02 Aug August is Children’s Eye Health and Safety Month – Warning Signs your child may have a vision problem.
For many families, August is back to school time! Along with school supply shopping and purchasing those back-to-school clothing items, it’s time to make comprehensive eye exam appointments for the kids. Conveniently, August is designated as Children’s Eye Health and Safety Month!
A good rule of thumb is to have your children’s eyes examined during well-child visits, beginning around age three. Your child’s eye doctor can help detect refractive errors such as nearsightedness, farsightedness and astigmatism as well as the following diseases:
- Amblyopia (lazy eye)
- Strabismus (crossed eyes)
- Ptosis (drooping of the eyelid)
- Color deficiency (color blindness)
If you or your doctor suspects that your child may have a vision problem, you can make an appointment with your local ophthalmologist for further testing.
Here are some warning signs that may indicate that your child has a vision problem:
- Wandering or crossed eyes
- A family history of childhood vision problems
- Disinterest in reading or viewing distant objects
- Squinting or turning the head in an unusual manner while watching television
- Consistently sitting close to the TV or holding a book too closely
- Squinting, blinking or closing one eye repeatedly
- Tilting the head to one side to try to see better
- Frequent eye rubbing while doing activities
- Sensitivity to light and/or frequent headaches
- Losing his or her place while reading
- Avoiding reading and other close-up visual work
- Becoming irritated when doing visual work
- Poor hand-eye coordination
1. Make sure your child gets a comprehensive eye exam. Children should get their first eye exam as newborns, again as infants between 6 months to a year old, and then once more as a toddler between the ages of 3 and 3 1/2. Once children reach school age, the AOA recommends they undergo a comprehensive eye exam at least once every two years — even if a child successfully passes a school vision screening with 20/20 vision. A vision screening can actually miss up to 60% of children with other vision problems. Vision screenings are limited because they only test for visual acuity, while comprehensive eye exams check for other eye issues such as lazy eye, glaucoma, cataracts and more.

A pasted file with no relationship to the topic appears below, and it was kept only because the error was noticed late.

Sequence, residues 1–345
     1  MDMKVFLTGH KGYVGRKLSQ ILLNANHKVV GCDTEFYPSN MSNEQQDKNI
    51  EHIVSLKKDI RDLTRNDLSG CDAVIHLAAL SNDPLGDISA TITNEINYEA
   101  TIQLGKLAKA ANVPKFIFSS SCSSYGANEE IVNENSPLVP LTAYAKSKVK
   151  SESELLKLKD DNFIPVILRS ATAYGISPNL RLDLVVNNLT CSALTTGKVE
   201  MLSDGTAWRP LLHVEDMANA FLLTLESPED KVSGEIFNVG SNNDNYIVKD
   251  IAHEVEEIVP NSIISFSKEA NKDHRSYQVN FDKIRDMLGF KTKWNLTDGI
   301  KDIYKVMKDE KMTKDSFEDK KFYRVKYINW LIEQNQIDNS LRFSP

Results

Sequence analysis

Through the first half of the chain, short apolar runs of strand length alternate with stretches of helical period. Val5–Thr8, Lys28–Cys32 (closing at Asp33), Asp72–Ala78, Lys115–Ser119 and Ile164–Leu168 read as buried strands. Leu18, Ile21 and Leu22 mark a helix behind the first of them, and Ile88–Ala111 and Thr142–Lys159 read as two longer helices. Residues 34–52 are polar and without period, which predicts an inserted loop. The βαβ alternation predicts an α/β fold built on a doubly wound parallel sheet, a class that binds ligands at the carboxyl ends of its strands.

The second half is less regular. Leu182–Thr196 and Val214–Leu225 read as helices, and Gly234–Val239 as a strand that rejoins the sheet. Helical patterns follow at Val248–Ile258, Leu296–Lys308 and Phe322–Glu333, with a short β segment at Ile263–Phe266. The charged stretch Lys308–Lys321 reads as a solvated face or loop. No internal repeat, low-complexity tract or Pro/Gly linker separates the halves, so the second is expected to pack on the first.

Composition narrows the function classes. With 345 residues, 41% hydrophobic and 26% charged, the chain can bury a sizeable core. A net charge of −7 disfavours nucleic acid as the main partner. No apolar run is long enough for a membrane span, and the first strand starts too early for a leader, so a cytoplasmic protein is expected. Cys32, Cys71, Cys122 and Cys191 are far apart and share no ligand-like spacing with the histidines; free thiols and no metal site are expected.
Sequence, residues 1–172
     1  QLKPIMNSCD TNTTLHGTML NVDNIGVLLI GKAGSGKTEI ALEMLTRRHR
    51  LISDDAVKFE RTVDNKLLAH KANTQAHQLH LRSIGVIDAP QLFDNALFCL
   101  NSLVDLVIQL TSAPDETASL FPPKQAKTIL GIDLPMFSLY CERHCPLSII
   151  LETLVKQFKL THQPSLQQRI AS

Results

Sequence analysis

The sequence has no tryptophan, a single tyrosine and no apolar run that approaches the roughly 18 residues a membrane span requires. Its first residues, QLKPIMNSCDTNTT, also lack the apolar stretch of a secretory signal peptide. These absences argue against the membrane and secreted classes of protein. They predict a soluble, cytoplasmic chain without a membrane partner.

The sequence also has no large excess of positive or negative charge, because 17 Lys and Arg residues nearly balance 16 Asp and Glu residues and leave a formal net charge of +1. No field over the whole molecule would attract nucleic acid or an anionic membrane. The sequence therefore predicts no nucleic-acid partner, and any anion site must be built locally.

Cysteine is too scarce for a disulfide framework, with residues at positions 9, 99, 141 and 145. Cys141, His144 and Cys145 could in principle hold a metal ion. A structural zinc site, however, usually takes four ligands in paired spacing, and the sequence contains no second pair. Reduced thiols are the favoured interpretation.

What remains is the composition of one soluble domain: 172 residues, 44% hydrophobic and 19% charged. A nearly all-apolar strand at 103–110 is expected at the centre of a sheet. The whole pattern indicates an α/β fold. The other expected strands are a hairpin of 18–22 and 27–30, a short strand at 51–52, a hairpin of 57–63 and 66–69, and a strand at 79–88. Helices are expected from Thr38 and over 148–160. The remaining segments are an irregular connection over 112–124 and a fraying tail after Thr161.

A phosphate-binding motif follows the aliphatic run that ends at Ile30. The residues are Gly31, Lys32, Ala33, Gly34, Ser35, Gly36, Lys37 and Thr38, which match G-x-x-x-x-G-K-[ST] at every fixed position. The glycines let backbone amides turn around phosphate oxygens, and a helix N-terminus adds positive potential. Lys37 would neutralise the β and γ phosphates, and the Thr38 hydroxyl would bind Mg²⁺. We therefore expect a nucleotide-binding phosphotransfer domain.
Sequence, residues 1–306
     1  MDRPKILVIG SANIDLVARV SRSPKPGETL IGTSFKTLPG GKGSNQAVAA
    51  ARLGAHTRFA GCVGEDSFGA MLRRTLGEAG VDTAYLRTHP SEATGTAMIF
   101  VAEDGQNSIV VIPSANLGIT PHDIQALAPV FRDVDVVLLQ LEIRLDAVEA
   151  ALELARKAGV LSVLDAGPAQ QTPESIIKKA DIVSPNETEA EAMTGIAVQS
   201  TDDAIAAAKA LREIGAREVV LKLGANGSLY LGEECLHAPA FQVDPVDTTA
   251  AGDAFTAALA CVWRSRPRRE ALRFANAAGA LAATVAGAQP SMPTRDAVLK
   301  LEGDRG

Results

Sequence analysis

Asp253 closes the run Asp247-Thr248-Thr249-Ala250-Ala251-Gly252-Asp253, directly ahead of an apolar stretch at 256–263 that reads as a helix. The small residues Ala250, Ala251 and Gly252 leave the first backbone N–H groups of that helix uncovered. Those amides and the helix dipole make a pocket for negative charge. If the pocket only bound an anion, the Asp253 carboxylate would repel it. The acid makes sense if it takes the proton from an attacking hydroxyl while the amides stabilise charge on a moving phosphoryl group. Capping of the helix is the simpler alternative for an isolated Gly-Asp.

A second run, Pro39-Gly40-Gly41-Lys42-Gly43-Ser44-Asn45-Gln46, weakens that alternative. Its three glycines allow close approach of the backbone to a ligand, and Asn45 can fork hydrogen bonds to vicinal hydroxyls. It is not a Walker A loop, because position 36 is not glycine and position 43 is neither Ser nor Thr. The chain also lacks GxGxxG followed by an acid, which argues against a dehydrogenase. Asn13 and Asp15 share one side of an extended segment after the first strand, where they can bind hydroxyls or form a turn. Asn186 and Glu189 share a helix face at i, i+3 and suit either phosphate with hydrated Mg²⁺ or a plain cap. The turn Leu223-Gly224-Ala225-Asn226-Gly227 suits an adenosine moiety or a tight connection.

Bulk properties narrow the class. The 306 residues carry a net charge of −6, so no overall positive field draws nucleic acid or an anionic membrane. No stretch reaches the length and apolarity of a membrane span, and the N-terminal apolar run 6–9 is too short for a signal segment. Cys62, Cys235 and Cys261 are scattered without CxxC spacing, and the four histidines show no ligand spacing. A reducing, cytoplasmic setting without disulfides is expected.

2. Limit your child’s exposure to screens and electronic devices. In 2015, a panel of U.S. ophthalmology experts suggested that excessive computer time in kids may contribute to childhood myopia, or nearsightedness, where kids have a hard time seeing objects farther away. “A prolonged amount of TV watching, or just staring at the computer or iPad for too long, may tire your child’s eyes and potentially make vision worse,” explains Ranasinghe.
3. Protect your child’s eyes from the sun and injuries. Just as we need sunscreen to protect our skin, your child’s eye health can stay safe by wearing sunglasses when outside for long periods of time on sunny days. For younger children who won’t cooperate with sunglasses, a hat can also help shield their eyes.
Eye injuries are the leading cause of vision loss in children. There are about 42,000 sports-related eye injuries every year in America, and children suffer most of these injuries. Help prevent your child from being one of the more than 12 million children who suffer from vision impairment by remembering a few basic rules of safety: All children should wear protective eyewear while participating in sports or recreational activities & purchase age-appropriate toys for your children and avoid toys with sharp or protruding parts (Source: HAP).
Help your children have a successful school year by scheduling a comprehensive eye exam and taking safety measures to ensure their eyes are free from injury.